"Glenn Beck: the pudgy, buzz-cut, weeping phenomenon of radio, TV and books . . . The old American mind-set that Richard Hofstadter famously called "the paranoid style" — the sense that Masons or the railroads or the Pope or the guys in black helicopters are in league to destroy the country — is aflame again, fanned from both right and left. [...] No one has a better feeling for this mood, and no one exploits it as well, as Beck. He is the hottest thing in the political-rant racket, left or right. A gifted entrepreneur of angst in a white-hot market.Not to be outfoxed by her peers, on Sep 22, CBS Evening News anchor Katie Couric premiered her new one-on-one high-profile online interview show "@katiecouric" with Beck, whom she introduced as a "one-man cottage industry." Beck fielded Couric's painfully shallow questions, such as, "Do you feel that you're...you're kind of being divisive?" with sly grins and winks. "Let me see, here," Beck said, giggling and rolling his eyes while tapping his forehead, "how can I answer that? You're just trying to make some news -- you just want me to give you a sound byte..."
Beck is 45, tireless, funny, self-deprecating, a recovering alcoholic, a convert to Mormonism, a libertarian and living with ADHD. He is a gifted storyteller with a knack for stitching seemingly unrelated data points into possible conspiracies — if he believed in conspiracies, which he doesn't, necessarily; he's just asking questions. He's just sayin'. In cheerful days of yore, he was a terrific host of a morning-zoo show on an FM Top 40 station. But these aren't cheerful times. For conservatives, these are times of economic uncertainty and political weakness, and Beck has emerged as a virtuoso on the strings of their discontent."
But the most interesting -- and entertaining -- take on Beck comes from Fox News' Chief Beckerhead Chris Wallace, who boasts that he "is on the Glenn Beck bandwagon," and insists that "Beck is a meteor here at Fox News." Wallace was taking the irrepressible Shepard Smith to task for not giving Beck the proper respect; even accused Smith of being jealous of Beck's fame. "Oh no," Smith proclaimed, fighting back fake tears -- "We are here to celebrate, worship and adore..." You gotta watch this.
Most mainstream media -- if they acknowledge Beck's attacks -- present them as news, such as the czars fiasco, the fake Fox ACORN videos, etc. However, there are some, even on the right, who are concerned enough about the damage being done to sound the alarm. The New York Times' David Brooks writes, not only about Beck, but Limbaugh, Hannity and others whose lust for power (attention and ratings) knows no bounds...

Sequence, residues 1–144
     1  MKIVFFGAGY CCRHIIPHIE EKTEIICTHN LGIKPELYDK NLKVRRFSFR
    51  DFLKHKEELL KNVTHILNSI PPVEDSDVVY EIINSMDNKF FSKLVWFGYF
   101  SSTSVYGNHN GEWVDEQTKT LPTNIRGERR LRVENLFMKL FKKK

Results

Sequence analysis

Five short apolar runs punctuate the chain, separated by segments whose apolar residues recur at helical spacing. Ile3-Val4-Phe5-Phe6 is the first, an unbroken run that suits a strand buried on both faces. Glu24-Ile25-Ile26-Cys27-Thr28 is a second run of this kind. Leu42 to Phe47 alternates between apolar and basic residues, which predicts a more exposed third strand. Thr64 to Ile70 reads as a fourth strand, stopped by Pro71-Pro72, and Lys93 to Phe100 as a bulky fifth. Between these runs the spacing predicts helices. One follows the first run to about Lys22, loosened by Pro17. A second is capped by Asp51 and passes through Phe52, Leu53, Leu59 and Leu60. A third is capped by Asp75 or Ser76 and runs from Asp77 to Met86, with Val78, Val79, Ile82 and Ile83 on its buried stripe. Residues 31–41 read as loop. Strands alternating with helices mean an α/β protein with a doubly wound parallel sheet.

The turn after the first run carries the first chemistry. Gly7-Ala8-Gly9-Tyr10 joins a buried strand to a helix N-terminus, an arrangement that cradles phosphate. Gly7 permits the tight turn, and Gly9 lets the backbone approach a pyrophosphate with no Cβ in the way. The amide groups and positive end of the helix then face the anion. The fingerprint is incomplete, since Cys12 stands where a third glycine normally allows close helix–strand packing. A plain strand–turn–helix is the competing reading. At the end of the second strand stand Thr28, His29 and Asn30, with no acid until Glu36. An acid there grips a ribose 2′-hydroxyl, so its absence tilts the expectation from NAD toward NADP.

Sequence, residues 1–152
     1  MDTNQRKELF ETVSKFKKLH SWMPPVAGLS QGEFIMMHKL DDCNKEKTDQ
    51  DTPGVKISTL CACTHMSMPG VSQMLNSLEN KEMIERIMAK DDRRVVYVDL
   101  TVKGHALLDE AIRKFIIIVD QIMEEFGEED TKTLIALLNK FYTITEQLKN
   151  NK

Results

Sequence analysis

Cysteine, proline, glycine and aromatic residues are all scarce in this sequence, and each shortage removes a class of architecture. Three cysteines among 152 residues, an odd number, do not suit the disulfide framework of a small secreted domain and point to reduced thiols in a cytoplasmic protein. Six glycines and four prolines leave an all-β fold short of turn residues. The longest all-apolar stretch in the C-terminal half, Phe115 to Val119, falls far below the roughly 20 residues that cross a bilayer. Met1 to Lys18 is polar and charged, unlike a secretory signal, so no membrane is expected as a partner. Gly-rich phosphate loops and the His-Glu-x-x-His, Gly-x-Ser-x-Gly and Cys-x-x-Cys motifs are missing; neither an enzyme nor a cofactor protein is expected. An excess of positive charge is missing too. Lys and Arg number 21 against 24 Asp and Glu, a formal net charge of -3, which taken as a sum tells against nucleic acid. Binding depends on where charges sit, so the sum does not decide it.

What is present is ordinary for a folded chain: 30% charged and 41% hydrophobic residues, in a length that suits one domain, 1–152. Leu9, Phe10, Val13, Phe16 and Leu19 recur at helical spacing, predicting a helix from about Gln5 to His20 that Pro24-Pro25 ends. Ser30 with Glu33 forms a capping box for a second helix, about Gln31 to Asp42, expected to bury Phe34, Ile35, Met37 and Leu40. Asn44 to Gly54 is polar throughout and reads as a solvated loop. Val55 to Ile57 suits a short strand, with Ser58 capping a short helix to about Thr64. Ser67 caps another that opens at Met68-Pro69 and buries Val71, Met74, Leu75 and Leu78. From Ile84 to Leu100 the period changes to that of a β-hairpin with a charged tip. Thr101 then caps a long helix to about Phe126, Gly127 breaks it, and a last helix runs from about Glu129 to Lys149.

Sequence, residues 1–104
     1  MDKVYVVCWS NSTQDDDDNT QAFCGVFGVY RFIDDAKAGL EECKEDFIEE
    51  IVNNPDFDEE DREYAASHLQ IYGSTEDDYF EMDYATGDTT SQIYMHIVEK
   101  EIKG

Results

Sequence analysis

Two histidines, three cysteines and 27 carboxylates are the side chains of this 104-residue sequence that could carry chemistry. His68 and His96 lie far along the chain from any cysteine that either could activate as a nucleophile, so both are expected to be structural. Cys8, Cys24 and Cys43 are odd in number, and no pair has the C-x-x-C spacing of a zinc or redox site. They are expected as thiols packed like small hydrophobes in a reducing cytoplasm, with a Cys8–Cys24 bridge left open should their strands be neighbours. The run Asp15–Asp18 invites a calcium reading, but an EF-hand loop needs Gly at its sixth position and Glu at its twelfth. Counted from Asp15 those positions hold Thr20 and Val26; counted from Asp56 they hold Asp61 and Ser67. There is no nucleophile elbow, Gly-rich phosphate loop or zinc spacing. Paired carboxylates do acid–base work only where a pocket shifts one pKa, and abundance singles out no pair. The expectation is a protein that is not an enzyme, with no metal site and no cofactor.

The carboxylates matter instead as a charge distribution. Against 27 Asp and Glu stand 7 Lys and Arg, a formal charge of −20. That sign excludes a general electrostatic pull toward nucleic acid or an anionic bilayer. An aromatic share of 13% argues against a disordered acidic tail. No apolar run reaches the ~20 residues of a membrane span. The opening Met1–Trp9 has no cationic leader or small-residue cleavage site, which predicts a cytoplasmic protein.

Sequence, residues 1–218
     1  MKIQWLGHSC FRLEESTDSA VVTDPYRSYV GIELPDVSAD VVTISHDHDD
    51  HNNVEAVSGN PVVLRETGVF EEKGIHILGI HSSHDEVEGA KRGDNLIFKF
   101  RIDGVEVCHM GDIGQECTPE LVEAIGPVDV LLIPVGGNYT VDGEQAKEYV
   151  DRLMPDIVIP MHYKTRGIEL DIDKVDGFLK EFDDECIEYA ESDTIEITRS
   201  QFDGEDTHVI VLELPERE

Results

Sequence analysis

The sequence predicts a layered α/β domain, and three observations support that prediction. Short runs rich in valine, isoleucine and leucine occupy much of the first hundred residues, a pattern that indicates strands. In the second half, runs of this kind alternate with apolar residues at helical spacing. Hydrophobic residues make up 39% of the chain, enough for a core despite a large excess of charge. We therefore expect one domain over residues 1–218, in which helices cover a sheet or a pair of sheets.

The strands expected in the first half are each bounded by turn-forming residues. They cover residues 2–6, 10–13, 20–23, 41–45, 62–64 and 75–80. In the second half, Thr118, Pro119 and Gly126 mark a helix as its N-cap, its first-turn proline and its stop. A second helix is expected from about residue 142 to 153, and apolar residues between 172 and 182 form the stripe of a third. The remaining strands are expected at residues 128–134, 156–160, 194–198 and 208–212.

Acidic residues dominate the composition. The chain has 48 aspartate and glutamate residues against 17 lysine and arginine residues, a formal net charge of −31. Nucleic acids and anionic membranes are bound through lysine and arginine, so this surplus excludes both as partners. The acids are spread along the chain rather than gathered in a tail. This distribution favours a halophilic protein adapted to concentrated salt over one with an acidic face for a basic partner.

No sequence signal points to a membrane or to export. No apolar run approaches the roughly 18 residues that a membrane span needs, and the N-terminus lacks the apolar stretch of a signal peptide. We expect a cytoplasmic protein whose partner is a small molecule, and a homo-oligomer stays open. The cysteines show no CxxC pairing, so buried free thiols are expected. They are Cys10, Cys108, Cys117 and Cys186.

Like Chris Wallace says, they are all just meteors exploding across this nation's sky. Perhaps someone should remind Wallace and others in the media that the shining streak they're hanging onto is nothing but a trail of gas, and when it enters Truth's atmosphere, it will disintegrate -- taking the Beckerhead Bandwagon with it.
"For no matter how often their hollowness is exposed, the jocks still reweave the myth of their own power. They still ride the airwaves claiming to speak for millions. They still confuse listeners with voters. And they are aided in this endeavor by their enablers. They are enabled by cynical Democrats, who love to claim that Rush Limbaugh controls the G.O.P. They are enabled by lazy pundits who find it easier to argue with showmen than with people whose opinions are based on knowledge. They are enabled by the slightly educated snobs who believe that Glenn Beck really is the voice of Middle America.
So the myth returns. Just months after the election and the humiliation, everyone is again convinced that Limbaugh, Beck, Hannity and the rest possess real power. And the saddest thing is that even Republican politicians come to believe it. They mistake media for reality. They pre-emptively surrender to armies that don’t exist.
They pay more attention to Rush’s imaginary millions than to the real voters down the street. The Republican Party is unpopular because it’s more interested in pleasing Rush’s ghosts than actual people. The party is leaderless right now because nobody has the guts to step outside the rigid parameters enforced by the radio jocks and create a new party identity. The party is losing because it has adopted a radio entertainer’s niche-building strategy, while abandoning the politician’s coalition-building strategy.
The rise of Beck, Hannity, Bill O’Reilly and the rest has correlated almost perfectly with the decline of the G.O.P. But it’s not because the talk jocks have real power. It’s because they have illusory power, because Republicans hear the media mythology and fall for it every time."